But I will say that the Green Generation can throw a kick-ass party. My pals and I went down to the Mall to catch the delightfully silly Flaming Lips at the free Earth Day concert. Nevermind that what started as a beautiful 80-degree day turned into a blustery, 60-degree day in about 2 hours. That's just Mother Nature saying hello. Happily, hippies like to share, and one of our number was kind enough to loan me the World's Biggest Most Ridiculous Poncho to break the wind. So to speak.

And speaking of the "Green Generation," that term was thrown around quite a bit, and I want to be clear that it refers to the heightened awareness of the youth of today, and not to the funny smell that pervaded the scene (and made everything extra special hilarious that day), nor the fact that the festivities were held in such proximity to 4/20. And these guys just love music. That's ALL:

We did manage to get right up close to the stage, thanks to the zeal of my compatriots, emboldened by tasty street vendor food, and maybe a little bit of fermented apple-y beverages. So we were right up close to Wayne Coyne and the Lips. Close enough to be showered by the contents of his confetti bazooka. That did rile up the organizers some, but Mr. Coyne insisted that if anybody would pick up after themselves, it's a bunch of potentially chemically-altered, environmentally-conscious hippies. And wouldn't you know, when that show was over, the Mall by the stage was spotless. Save for a few hundred cigarette butts, because no one wants to touch those.

So, all in all, it was a good day. And so the tired celebrants trundled home on the Metro, including one poor random fellow who, in the span of two stops, made himself nice and comfy and went night night. Saving the earth is hard work.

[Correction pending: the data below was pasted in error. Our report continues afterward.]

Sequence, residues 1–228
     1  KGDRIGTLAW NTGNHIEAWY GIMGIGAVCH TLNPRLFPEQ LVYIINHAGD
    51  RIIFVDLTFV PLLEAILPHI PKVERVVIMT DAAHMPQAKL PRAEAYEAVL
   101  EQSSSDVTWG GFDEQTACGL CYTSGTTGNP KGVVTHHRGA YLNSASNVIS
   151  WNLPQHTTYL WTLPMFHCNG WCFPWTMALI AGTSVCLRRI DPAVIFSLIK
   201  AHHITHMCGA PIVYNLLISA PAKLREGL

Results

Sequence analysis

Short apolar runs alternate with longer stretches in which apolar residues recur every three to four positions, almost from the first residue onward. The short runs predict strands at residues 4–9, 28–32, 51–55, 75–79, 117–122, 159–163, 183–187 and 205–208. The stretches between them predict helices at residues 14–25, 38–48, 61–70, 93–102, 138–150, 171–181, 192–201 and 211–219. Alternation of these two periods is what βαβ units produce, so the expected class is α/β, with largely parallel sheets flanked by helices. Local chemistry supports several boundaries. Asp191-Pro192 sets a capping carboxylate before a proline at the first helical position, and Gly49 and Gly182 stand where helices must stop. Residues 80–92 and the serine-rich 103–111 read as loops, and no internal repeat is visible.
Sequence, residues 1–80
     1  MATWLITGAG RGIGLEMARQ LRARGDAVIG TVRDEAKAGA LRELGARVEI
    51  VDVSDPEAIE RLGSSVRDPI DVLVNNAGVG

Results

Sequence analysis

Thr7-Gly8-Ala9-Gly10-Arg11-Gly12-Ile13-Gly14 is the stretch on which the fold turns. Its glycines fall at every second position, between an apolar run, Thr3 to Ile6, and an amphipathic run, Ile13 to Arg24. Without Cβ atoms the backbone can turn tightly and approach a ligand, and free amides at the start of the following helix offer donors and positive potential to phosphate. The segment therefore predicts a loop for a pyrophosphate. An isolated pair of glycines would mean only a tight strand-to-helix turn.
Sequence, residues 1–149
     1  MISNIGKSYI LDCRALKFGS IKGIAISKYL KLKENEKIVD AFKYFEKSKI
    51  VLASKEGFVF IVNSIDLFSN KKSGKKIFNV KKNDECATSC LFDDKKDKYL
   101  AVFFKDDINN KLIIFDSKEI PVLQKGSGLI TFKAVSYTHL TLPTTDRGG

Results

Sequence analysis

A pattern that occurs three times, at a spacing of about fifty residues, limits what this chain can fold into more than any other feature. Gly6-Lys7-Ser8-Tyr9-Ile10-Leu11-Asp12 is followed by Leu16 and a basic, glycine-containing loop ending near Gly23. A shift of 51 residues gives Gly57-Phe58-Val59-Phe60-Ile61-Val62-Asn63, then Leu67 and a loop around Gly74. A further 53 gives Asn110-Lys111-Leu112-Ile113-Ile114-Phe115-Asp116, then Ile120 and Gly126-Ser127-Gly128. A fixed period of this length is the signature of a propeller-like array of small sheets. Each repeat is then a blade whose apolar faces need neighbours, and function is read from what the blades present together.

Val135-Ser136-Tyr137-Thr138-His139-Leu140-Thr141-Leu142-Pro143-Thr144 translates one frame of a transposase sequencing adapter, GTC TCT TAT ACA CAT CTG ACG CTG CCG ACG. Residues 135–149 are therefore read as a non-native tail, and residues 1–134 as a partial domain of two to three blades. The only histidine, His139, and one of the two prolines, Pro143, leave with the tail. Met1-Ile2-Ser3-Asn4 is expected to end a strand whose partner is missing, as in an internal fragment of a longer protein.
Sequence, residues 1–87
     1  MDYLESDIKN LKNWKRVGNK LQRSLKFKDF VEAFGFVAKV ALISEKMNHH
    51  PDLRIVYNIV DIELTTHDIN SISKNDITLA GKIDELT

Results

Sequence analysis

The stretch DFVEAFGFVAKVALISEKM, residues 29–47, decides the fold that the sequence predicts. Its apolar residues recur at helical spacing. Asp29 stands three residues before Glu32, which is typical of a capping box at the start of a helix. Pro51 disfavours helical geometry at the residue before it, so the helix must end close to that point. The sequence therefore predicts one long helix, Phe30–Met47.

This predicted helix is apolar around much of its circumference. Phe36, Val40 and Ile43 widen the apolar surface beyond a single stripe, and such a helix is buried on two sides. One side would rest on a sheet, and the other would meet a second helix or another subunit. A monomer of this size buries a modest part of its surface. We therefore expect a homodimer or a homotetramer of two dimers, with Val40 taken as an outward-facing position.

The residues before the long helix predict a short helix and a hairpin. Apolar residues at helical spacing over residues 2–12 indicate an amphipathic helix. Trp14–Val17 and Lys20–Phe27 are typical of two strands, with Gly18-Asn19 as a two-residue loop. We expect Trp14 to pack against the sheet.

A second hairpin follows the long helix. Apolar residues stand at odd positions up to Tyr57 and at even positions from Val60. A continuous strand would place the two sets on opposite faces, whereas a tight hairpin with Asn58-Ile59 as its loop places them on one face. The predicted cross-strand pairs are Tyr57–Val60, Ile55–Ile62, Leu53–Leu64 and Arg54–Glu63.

I leave you with Robyn's-Eye-View footage of Wayne Coyne surfing the crowd in a giant bubble -- for the planet! XO

Sunday, April 19, 2009

How to Force-Feed a Bunny

How we get down at OneTwoThreeFour Mass.

Thursday, April 16, 2009

2 Girls, 1 Bidet

Way back on inauguration weekend, two childhood friends, we'll call them KraByn, decided to celebrate history by enjoying some frozen adult beverages with the American University crowd at Guapo's in Tenleytown.One friend, we'll call her Kra, excused herself to use the ladies' room.

Moments later, her companion received a call on her Sidekick. It was Kra, demanding that her companion get downstairs to the bathroom. Immediately.There, the friends discovered that Guapo's had entered into some strange pact with a bidet company, and had installed bidets in all of the ladies' toilets, complete with promotional materials for installing a bidet in the comfort of your own home. Since Guapo's is hardly the type of establishment where one finds such classy personal hygiene accouterments, and since one of the friends had a video camera, and since they were a little happy with margaritas, they decided to have a bit of fun.

And then all hell broke loose...

Sunday, April 12, 2009

The Shep Guide to Passover

I just got back from four days back home for joint Passover-Easter celebrations. It seems to me that these two holidays coincide more and more regularly, which is really annoying if you're partial to ham and Peeps under normal circumstances, but want to try to at least make an appearance of keeping the holiday. Complicating matters is the fact that I'm the only one in the household that tries to go the whole eight days. I'm not a terribly picky eater by nature, so it kinda pains me to be the one who's all "Umm...actually, I can't eat this..." in my own house. Even though the Family Shep is crazy supportive, I still feel a little obnoxious.

Which is not to imply that I'm anyone's role model. I do my best this time of year, but it's rare that I go the full eight days. And something tells me that my code to following Passover may not jibe exactly with even Reform Judaism's handbook. To codify things a bit, this is the Shep Guide to Passover: